When we simplify our outer life, our awareness can become less scattered and more focused in the present moment, which is the very heart of life. A mind overly pre-occupied with past and future misses out on the freshness and beauty of this landscape, this stream, this delicate inter-change with another person. I have found full-timing to be a powerful spiritual practice in this sense of being more present, more fully attentive to the unfoldings of each moment, each day. Being a continually rolling stone, very little moss gathers in the mind! And as full-timers, we must be alert and attentive, or our rolling home will perhaps be rolling into a ditch somewhere! The very precariousness of our life brings greater fullness to the gusto of appreciating. It.

            By simplifying our life, we deepen our connection with the fourth principle of spiritual journeying, which is that we as individuals are part of something greater. The spiritual journey of our life is discovering this ever more fully, and living it.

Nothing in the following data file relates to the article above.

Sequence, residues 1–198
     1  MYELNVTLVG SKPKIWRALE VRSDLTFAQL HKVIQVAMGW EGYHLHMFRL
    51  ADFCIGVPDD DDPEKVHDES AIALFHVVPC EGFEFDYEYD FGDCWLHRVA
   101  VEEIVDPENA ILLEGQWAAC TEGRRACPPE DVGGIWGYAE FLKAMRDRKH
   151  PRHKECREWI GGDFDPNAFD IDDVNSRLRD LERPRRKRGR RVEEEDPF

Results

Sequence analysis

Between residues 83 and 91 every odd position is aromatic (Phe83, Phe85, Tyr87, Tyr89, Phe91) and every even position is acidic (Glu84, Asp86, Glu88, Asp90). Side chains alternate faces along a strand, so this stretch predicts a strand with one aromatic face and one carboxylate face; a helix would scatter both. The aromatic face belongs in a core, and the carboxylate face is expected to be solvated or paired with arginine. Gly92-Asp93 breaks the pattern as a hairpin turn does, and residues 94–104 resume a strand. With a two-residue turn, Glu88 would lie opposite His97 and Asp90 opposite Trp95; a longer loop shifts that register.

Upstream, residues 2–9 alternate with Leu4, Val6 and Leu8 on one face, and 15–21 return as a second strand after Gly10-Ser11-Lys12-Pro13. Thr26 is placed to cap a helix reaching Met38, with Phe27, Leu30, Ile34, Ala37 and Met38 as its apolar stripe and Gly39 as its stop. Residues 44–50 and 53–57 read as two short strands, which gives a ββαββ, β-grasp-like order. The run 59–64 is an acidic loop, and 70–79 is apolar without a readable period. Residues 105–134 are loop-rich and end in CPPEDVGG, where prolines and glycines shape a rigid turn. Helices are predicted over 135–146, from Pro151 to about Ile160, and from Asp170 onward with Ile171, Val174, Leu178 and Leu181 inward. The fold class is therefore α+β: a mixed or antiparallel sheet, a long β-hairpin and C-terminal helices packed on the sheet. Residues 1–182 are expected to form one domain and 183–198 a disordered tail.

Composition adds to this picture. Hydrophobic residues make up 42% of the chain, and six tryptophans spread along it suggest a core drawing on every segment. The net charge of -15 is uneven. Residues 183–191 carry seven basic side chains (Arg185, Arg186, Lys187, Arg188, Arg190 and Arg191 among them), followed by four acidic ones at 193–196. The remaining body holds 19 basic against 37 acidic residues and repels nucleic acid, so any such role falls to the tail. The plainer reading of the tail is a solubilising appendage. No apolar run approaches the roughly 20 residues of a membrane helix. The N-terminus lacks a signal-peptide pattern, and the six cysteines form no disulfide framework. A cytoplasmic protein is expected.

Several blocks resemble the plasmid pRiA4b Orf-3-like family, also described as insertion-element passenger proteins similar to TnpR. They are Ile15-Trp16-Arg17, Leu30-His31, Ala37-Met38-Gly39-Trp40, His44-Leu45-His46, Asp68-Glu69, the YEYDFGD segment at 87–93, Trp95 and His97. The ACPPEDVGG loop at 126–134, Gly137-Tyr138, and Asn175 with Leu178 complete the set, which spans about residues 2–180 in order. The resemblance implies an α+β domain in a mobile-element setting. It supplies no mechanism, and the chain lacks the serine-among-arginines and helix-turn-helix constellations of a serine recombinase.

Before I was a full-timer, I'd see big RV rigs rolling down the highway, and as a person concerned about the earth and future generations, I thought they were a particularly flagrant example of American wastefulness and overconsumption. Now I see it so differently! As full-timers, our trailer is our house. I see full-timers as probably the most environmentally-friendly, light-living people in the North American culture. Since we follow the geese north and south, we use very little energy for heating and cooling. A single seven-gallon propane tank lasts us for months, and our whole house can be plugged into anyone's wall outlet! Even when we lived, formerly, in a small house and tried to be very energy efficient, there's just no way we could come close to matching the truly minuscule (by American standards) amount of energy and water we now require to live. And we put only about 20,000 miles per year on our truck, which is less than most people who do a typical commute to work. As full-timers, we are thus in the rather unique position of living an earth-friendly lifestyle that still allows tremendous opportunity for travel and living comfortably.